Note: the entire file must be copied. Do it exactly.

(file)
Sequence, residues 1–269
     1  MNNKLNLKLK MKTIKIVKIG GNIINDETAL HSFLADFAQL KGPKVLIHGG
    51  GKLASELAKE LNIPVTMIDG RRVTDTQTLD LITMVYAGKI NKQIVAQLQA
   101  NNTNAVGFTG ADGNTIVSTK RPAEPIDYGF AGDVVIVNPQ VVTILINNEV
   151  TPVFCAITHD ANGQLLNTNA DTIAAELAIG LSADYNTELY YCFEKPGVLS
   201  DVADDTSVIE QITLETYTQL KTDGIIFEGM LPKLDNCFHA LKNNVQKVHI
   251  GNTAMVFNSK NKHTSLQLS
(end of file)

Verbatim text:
Sequence, residues 1–269
     1  MNNKLNLKLK MKTIKIVKIG GNIINDETAL HSFLADFAQL KGPKVLIHGG
    51  GKLASELAKE LNIPVTMIDG RRVTDTQTLD LITMVYAGKI NKQIVAQLQA
   101  NNTNAVGFTG ADGNTIVSTK RPAEPIDYGF AGDVVIVNPQ VVTILINNEV
   151  TPVFCAITHD ANGQLLNTNA DTIAAELAIG LSADYNTELY YCFEKPGVLS
   201  DVADDTSVIE QITLETYTQL KTDGIIFEGM LPKLDNCFHA LKNNVQKVHI
   251  GNTAMVFNSK NKHTSLQLS